The null hypothesis “pupal survival is unaf-fected by bird predation whether the pupa is on or off the hostplant” was tested by comparing pro-portions of successfully eclosed pupae by means of 2 x 2 contingency tables. In overwintering pu-pae, however, mortality was so high that the power of the test was much reduced; therefore, a second analysis was performed to compare an-other variable correlated with pupal survival: elapsed time (in days) before a pupa died. Non– parametric tests were used because this variable was not normally distributed even after data trans-formation.

Re sult s

Seasonal polyphenism

First generation butterflies peaked in early May (fig. 1). Their offspring developed into green pupae (fig. 2A) that gave rise to a second generation of adults emerging from late June to early August (fig. 1).

The earliest offspring of the second generation produced green pupae that developed into a par-tial third generation of adults from early August to early September (fig. 1). The proportion of larvae entering the direct–developmental pathway de-creased from 8:2 (non–diapausing green: diapausing brown) in 3–9 August to 4:12 in 10–16 August. The remaining pupae of the second gen-eration and all those of the third gengen-eration (which appeared in early October) were diapausing brown

Fig. 1. Seasonal abundance of Iphiclides podalirius as recorded by weekly transect counts of adults at the study site in 1994–2000 (n = 110). Week 1 corresponds to 1–7 March and week 30 to 20–26 September.

Fig. 1. Abundancia estacional de Iphiclides podalirius en la zona de estudio entre 1994–2000 (n = 110), según los contajes semanales a lo largo de un transecto. La semana 1 corresponde a 1–7 de marzo y la semana 30 a 20–26 de septiembre.

18 16 14 12 10 8 6 4 2 0

1 3 5 7 9 11 13 15 17 19 21 23 25 27 29 Weeks March April May June July August Sept



pupae (fig. 2A). Very similar results were obtained in the rearing experiment, with the single exception of a non–diapausing brown pupa occurring in early July (fig. 2B). Photoperiods are shown in fig. 2C.

The data confirm the existence of a seasonal polyphenism, with the colour and developmental pathway of the pupae being correlated traits. Mean duration (in days) of non–diapausing green pupae was 16.82 ± 0.46 (mean ± SD, n = 17; range: 14– 21) and 18.18 ± 0.59 (n = 37; range: 13–25) for wild and captive pupae, respectively. For brown diapausing pupae, these values were 214.13 ± 13.8 (n = 8; range: 167–269) and 258.73 ± 2.3 (n = 74; range: 209–302), respectively. There was no difference in the duration of this stage between captive and wild non–diapausing pupae (t test = 1.82, df = 53, p = 0.074), but captive diapausing pupae took longer to develop than wild diapausing pupae (t test = 3.19, df = 80, p = 0.014). Pupation site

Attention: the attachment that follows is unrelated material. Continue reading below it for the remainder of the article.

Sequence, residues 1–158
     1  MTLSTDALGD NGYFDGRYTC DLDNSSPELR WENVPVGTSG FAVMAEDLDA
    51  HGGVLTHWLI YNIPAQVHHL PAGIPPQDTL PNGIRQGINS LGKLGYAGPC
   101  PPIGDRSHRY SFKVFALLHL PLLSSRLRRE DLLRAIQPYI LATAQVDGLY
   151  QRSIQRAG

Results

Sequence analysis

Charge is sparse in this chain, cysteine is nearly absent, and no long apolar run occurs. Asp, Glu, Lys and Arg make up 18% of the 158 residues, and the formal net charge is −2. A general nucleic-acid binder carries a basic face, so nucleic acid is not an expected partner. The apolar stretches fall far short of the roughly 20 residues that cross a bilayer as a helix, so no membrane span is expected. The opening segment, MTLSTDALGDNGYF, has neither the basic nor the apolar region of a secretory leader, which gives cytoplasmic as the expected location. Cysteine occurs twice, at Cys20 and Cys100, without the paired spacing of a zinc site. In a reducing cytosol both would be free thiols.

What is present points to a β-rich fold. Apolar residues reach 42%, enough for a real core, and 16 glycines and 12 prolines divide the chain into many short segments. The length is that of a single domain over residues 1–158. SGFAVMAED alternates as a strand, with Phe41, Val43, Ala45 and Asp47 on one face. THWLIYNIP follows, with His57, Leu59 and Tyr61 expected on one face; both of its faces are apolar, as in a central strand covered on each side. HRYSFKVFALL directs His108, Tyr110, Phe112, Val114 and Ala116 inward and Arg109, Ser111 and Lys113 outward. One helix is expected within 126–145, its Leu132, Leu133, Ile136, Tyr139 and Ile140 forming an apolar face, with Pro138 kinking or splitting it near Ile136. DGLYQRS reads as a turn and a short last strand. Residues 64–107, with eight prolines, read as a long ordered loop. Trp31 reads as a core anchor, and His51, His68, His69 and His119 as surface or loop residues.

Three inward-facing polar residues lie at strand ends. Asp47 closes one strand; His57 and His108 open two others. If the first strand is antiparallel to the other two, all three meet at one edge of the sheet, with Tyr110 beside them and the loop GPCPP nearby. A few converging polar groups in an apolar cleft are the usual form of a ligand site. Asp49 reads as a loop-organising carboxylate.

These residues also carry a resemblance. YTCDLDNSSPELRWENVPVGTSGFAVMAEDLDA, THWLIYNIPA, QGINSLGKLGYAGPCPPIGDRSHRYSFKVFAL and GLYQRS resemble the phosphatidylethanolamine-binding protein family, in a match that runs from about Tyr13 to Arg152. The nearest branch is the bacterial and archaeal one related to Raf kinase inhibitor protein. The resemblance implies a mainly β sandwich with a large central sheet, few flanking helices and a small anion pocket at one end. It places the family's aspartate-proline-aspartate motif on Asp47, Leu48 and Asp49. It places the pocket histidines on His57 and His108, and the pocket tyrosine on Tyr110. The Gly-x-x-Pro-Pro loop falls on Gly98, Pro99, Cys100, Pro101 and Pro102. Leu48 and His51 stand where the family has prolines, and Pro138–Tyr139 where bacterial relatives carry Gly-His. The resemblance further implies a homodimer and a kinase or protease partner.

Pupal colour and whether pupation site was on or off the hostplant were strongly associated (table 1). Although the plant species did not affect the behav-iour shown by non–diapausing broods, the size of the hostplant did. Prepupal larvae tended to leave their hostplants when these consisted of small one– year old blackthorns (78.9% of green pupae stayed on shrubs vs. 27.2% on shoots; Fisher’s exact test, p = 0.009).

The main pupation sites are summarized in ta-ble 2. Green pupae occurred much higher above ground level and on broader substrates than brown pupae. Twigs and thorns hidden by dense foliage were chosen on blackthorns while the underside of leaves were preferred on peach trees. In eight out of 13 cases in which larvae left the hostplant, they pupated on woody stems of nearby blackthorn shrubs. The background colour of pupation sites was always green (including those cases in which pupation oc-curred off the hostplant) and hence pupae were cryptically coloured.

Brown pupae strongly preferred slender grass stems (mainly dry stems of Cynodon dactylon) and weed stalks (mainly brown stems of Medicago sativa from a nearby field) close to the ground. They were crypti-cally coloured during the winter because pupation sites consisted of predominantly dead vegetation. Pupal mortality